Human Rights Council Hypocritical?

Human Rights Council Hypocritical?

On June 19, Ambassador to the United Nations Nikki Haley announced the United States of America’s withdrawal from the United Nations Human Rights Council. While this comes as a surprise for advocates of social justice, a peek into the Council’s history yields disturbing controversy, especially for the dignity of the human person.

Ambassador Haley’s explanation for the withdrawal was a claim that the Council was hypocritical and biased against certain countries and belief systems. LifeSiteNews, in 2017, reported a series of the Council’s efforts to deliberately exclude unborn children as those protected by the United Nation’s “right to life.” Several other UN organizations, such as the United Nations Population Fund, have expressed their approval of birth control as a fundamental right that should be provided to all countries. Fears have grown that there is a growing effort to list abortion as such a “human right.”

Currently, members of the Council include Afghanistan, Cuba, the Democratic Republic of Congo, Saudi Arabia, and Venezuela. A fairly young collective, formed in 2006, the Bush administration declined its opportunity to join, citing potential for bias. Ambassador Haley has long been threatening action, primarily on the basis of the Council’s alleged sway against Israel. However, the Council’s approach to the right to life, though not stated by Haley, must certainly be noted as well.

While many Americans, and Israel, have applauded the move as a win for true human rights, others are concerned that the lack of American presence will only further lead the Council astray from productive goals. Time will tell what difference American withdrawal will make, but the United States’ decision has certainly given its counterparts a resounding message.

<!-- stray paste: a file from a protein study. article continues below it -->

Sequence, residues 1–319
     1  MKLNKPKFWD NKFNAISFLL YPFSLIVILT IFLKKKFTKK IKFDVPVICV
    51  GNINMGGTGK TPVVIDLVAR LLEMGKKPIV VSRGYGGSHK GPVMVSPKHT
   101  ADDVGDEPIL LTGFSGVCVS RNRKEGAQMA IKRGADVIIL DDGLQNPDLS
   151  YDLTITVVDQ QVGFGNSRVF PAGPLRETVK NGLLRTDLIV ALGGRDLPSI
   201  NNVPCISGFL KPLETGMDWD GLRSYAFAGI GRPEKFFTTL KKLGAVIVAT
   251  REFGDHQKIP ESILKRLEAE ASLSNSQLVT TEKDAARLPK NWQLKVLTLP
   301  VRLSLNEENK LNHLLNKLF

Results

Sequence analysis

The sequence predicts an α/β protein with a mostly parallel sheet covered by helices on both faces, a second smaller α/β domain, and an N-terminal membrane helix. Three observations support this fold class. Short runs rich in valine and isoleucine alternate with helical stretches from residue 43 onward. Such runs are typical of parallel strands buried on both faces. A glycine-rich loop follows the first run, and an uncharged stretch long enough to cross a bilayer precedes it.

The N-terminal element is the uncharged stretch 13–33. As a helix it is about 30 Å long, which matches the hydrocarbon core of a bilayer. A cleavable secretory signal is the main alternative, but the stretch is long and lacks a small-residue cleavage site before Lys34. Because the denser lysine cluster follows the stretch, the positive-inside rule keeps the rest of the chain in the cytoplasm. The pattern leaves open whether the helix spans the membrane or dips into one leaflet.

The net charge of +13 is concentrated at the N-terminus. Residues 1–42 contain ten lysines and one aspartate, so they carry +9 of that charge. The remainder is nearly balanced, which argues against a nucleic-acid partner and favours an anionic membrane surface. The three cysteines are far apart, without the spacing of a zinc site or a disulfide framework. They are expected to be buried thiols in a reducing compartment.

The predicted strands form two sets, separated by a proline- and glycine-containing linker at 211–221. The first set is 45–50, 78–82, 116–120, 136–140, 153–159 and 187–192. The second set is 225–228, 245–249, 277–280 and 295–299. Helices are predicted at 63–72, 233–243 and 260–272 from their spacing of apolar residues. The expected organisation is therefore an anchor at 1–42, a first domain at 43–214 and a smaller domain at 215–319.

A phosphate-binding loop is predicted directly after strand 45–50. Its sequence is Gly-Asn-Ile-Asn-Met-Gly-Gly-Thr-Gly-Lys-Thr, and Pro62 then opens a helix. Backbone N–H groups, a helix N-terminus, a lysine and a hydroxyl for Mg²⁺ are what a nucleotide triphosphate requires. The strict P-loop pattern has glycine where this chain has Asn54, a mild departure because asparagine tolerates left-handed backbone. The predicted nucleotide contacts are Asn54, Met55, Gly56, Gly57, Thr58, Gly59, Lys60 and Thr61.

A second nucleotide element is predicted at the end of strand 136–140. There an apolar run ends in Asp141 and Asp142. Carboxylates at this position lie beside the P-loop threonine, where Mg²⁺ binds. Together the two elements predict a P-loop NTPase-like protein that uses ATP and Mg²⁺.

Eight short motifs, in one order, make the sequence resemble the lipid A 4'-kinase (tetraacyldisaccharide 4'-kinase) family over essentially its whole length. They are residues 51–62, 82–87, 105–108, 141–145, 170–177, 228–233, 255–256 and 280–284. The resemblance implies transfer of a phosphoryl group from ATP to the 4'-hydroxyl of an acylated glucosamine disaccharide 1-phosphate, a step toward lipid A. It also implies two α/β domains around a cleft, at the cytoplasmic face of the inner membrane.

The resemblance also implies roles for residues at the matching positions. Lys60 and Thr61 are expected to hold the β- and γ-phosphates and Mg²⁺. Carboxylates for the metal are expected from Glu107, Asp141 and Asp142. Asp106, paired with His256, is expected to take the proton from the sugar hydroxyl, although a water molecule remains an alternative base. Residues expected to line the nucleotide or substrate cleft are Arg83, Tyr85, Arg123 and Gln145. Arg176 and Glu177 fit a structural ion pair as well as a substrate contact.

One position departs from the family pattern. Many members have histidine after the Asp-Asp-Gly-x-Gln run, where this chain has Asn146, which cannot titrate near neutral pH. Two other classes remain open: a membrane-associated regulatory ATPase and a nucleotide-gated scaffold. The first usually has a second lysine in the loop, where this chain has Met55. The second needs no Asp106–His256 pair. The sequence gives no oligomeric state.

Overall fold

Students standing up to administration

Students standing up to administration

A Students for Life group is standing up to a university administration accused of bias. The institution has denied its funding requests, instead of giving money to left-leaning organizations while maintaining a stance that it does not support ideological groups of any nature.

Ball State University requires a $1,318 student activities fee, according to an article by The Washington Examiner. While a funding committee stated that a group is not allowed money if it “”engages in activities, advocacy, or speech in order to advance a particular political interest, religion, religious faith or ideology,” several left-wing clubs, such as Feminists for Action, Secular Student Alliance, and a pro-LGBT group have been allowed.

In response to its recent denial of funding, the Ball State Students for Life have decided to sue the University, with the aid of the Alliance Defending Freedom. Accompanying the accusations of blatant bias are also claims that the university has failed to adequately explain its budgeting process in its handbook or other resources.

A report by the Students for Life claims that the University specifically favors twelve groups, which includes the Asian American Student Association, the Black Student Association, Latinx Student Union, and Spectrum, an LGBT educational group. Out of four hundred organizations, these and others appear to have been given a greater advantage, according to the lawsuit.

The club is asking for $300 to compensate an event that their members paid for earlier this year, as well as fees for the lawsuit.

Signatures gathered to end taxpayer-funded abortions in Oregon by ballot measure

Signatures gathered to end taxpayer-funded abortions in Oregon by ballot measure

On August 16, 2017, Governor Kate Brown signed a bill (HB 3391) that forces health care providers to cover the costs of abortions. This essentially makes abortions free to almost all citizens and even undocumented immigrants. Though Oregon’s abortion laws were already extreme before this law, its passage only signals the continual degradation that the value of life has faced across the state.

However, Pro-life groups in Oregon are pushing back in the battle to protect future generations of children.

One such effort is a petition to put the issue of taxpayer-funded abortions on the November ballot. The initiative’s sponsor, Oregon Life United, is approaching their goal of 150,000 signatures by June 30th. All Oregon voter are eligible to sign, and the petition website (www.stopthefunding.org) even provides the ability to print and distribute petition sheets.

According to the website, approximately $1.7 million in taxpayer dollars is spent on abortions, amounting to over $23 million within the last fourteen years. This yields an estimated ten abortions every day, funded by Oregon taxpayers.